The latest weekly BludgerTrack update has been added to the sidebar, adding results from Newspoll, Galaxy and Essential Research. I have replaced my ad hoc rolling average calculation with LOESS, the polling wonk’s smoothing method of choice. As well as making my graphs look prettier, this makes for smoother trendlines and should reduce volatility from one week to the next. I’ll be applying some further methodological tinkering next week, including updating the Newspoll bias measures to account for the Western Australian election result on which more below.
First though, it should be noted that the Financial Review has published results from a JWS Research automated phone poll of 4070 respondents in 54 marginal seats, conducted on Tuesday and Wednesday. This records an aggregate swing of Labor of 9.3%, compared with a quite bad enough result of 4.8% when the exercise was last conducted in mid-January. In the aftermath of last week’s leadership chaos, it may well be significant that the shift was heavily concentrated in Queensland.
A general meeting of the ACT Liberals has voted down a motion to overturn Senator Gary Humphries’ preselection defeat at the hands of former ACT Opposition Leader Zed Seselja by a margin of 168 to 138. There had been compaints from Humphries supporters that many party members had been wrongly excluded from the February preselection vote, which Seselja won 114 to 84.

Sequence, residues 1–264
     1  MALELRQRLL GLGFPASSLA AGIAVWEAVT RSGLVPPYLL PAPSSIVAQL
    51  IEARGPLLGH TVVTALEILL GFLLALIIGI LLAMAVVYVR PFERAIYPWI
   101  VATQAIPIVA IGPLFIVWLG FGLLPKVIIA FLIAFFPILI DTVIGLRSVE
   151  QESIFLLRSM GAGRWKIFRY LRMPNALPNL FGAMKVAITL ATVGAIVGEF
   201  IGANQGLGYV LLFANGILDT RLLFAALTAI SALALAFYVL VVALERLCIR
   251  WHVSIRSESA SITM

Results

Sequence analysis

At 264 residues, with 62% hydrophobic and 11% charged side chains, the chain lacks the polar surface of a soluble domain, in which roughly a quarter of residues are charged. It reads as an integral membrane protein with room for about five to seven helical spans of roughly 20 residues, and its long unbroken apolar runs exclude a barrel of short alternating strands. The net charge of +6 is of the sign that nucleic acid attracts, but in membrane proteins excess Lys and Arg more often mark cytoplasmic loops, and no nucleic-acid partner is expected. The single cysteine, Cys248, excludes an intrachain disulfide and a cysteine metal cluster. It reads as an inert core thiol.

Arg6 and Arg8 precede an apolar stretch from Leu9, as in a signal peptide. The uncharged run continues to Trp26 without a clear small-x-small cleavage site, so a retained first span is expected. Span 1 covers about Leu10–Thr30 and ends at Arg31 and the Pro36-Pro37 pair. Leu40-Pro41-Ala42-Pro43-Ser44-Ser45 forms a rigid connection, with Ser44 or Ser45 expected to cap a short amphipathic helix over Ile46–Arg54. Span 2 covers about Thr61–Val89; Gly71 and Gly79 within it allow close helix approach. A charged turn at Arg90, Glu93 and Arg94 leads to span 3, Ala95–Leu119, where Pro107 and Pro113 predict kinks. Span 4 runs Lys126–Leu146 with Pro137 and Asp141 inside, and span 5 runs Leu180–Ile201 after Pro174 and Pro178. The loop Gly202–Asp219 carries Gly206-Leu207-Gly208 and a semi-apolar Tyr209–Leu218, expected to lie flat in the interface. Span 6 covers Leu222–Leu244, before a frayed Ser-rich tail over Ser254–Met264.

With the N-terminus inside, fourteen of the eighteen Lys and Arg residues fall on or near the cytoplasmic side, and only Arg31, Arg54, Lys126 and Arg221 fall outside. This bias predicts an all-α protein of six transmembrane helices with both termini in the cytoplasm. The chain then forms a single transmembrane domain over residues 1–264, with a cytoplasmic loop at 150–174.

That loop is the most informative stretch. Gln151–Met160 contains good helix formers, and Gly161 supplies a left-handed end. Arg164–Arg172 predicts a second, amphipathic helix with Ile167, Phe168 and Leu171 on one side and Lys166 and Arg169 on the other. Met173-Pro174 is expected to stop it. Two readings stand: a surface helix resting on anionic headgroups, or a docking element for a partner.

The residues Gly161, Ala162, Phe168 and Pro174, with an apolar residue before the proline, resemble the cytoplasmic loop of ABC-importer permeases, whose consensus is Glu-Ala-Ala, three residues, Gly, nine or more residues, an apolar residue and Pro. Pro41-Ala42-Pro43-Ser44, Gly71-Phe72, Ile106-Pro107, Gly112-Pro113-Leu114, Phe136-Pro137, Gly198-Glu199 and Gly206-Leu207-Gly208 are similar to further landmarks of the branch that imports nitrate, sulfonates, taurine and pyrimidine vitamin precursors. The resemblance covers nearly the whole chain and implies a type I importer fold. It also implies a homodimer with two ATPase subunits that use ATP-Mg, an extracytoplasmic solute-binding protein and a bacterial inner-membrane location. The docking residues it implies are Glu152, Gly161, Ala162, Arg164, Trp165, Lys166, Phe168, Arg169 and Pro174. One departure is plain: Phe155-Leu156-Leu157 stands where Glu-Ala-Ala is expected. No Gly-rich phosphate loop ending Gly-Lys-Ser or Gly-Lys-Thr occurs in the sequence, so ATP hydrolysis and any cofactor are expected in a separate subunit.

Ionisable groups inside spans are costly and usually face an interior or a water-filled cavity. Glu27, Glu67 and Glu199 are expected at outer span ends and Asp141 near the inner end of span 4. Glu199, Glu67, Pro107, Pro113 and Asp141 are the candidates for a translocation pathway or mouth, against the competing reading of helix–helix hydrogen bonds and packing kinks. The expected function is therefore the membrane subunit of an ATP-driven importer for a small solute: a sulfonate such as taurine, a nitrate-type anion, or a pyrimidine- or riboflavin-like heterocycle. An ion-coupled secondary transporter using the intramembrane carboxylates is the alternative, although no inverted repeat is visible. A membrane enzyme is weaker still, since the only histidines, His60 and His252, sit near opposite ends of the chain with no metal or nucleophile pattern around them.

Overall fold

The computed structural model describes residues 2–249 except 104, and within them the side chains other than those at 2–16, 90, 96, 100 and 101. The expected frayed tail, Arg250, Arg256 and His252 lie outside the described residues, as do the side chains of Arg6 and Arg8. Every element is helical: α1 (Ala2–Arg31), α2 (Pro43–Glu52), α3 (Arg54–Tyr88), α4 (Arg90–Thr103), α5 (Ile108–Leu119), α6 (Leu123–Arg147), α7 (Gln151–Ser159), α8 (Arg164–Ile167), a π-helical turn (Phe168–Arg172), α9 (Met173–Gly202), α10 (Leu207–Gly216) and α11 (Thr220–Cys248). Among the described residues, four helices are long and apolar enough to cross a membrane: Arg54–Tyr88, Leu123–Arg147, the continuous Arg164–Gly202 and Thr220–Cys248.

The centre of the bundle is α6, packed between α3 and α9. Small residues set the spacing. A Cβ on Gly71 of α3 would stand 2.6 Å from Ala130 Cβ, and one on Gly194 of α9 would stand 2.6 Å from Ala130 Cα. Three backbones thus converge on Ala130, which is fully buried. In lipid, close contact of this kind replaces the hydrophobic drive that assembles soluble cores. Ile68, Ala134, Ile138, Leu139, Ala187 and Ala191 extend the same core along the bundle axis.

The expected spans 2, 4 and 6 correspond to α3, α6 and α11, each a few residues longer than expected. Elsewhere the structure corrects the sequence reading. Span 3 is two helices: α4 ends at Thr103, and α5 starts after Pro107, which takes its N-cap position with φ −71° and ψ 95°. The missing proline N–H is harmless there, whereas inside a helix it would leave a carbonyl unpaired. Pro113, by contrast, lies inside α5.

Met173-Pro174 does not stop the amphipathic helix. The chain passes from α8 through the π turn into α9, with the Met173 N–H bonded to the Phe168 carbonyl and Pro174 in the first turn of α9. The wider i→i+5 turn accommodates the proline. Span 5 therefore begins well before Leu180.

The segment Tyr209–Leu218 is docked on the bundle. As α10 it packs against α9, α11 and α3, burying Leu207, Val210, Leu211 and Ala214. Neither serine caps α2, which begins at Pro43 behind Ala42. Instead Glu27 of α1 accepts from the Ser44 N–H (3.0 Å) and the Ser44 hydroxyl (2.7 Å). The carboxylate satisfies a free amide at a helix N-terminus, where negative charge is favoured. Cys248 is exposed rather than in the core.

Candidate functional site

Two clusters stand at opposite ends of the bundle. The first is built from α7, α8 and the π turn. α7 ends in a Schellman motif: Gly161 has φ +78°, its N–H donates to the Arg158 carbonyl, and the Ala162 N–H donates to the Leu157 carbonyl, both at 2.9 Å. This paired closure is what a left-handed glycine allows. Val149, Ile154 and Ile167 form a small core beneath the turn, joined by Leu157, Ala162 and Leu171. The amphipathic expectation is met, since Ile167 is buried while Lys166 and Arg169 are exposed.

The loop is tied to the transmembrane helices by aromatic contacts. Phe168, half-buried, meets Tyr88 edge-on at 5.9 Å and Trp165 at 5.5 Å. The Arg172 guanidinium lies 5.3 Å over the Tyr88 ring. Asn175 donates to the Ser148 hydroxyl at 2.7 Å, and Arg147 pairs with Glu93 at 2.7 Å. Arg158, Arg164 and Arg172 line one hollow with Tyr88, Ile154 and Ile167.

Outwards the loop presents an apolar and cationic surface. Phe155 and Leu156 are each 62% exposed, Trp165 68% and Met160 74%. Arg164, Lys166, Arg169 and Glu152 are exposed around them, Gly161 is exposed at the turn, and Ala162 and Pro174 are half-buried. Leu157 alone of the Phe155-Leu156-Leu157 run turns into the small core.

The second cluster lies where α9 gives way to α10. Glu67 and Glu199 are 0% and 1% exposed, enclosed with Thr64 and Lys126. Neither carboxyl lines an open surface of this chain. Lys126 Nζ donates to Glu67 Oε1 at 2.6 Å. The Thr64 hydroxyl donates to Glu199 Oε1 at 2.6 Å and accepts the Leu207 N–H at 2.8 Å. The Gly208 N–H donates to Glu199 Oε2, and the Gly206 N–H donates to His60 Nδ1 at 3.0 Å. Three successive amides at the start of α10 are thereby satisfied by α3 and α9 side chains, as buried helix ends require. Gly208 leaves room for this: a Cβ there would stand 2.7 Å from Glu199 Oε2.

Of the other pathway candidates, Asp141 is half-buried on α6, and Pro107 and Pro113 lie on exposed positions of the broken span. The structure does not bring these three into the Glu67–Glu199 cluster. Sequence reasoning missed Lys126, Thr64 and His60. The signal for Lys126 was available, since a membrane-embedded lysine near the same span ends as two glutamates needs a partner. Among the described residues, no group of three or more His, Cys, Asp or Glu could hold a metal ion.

The plot has thickened in the preselection to choose a successor to Nicola Roxon in Gellibrand, with three credibly rated candidates in the field. Unidentified sources quoted by John Ferguson in The Australian suggest opposition to Tim Watts, Telstra executive and former staffer to Stephen Conroy, amounts to a test of Conroy’s influence, which is said to be starting to wane. Josh Gordon of The Age reports a 2008 factional realignment reserved the seat for the Shorten-Conroy Right sub-faction, but Roxon has entered the fray by sending a letter to local party members urging for them to support her former adviser Katie Hall. There is another prospective candidate in Kimberley Kitching, a former Melbourne councillor, current acting general manager tasked with restoring order to Health Services Union No. 1 branch, and wife of VexNews provocateur Andrew Landeryou. Gordon reports the Turkish community is emerging as a source of support for Kitching, as Conroy has roused its opposition by refusing to offer up the state seat of Footscray to the so-called Turkish bloc.
The preselection to replace Richard Torbay as Nationals candidate for New England will be held in Tamworth on April 13. Barnaby Joyce will certainly be a starter, but there have been suggestions he will or should face opposition from Nationals Farmers Federation president Alexander “Jock” Laurie, including from Calare MP John Cobb.
With the state election out of the way, WA Labor is now proceeding with federal election preselection processes, chief among which is determining its Senate election ticket and filling the casual vacancy caused by the retirement of Chris Evans. Suggestions Labor might be reduced to one Senate seat in Western Australia mean that more than prestige is at stake in ordering the top two positions on the election ticket. The two incumbents are Louise Pratt of the AMWU Left and Mark Bishop of the SDA Right, with the latter generally expected to be deposed by Joe Bullock, who succeeded him as the SDA’s state secretary. Other nominees are former state Bassendean MP Martin Whitely, a critic of party preselection processes generally and the Joe Bullock ascendancy in particular; Brett Treby, a Wanneroo councillor who ran for the state seat of Wanneroo; John Welch, secretary of the Western Australian Prison Officers’ Union; Kelly Shay, assistant state secretary of United Voice; and Sue Lines, assistant national secretary of United Voice.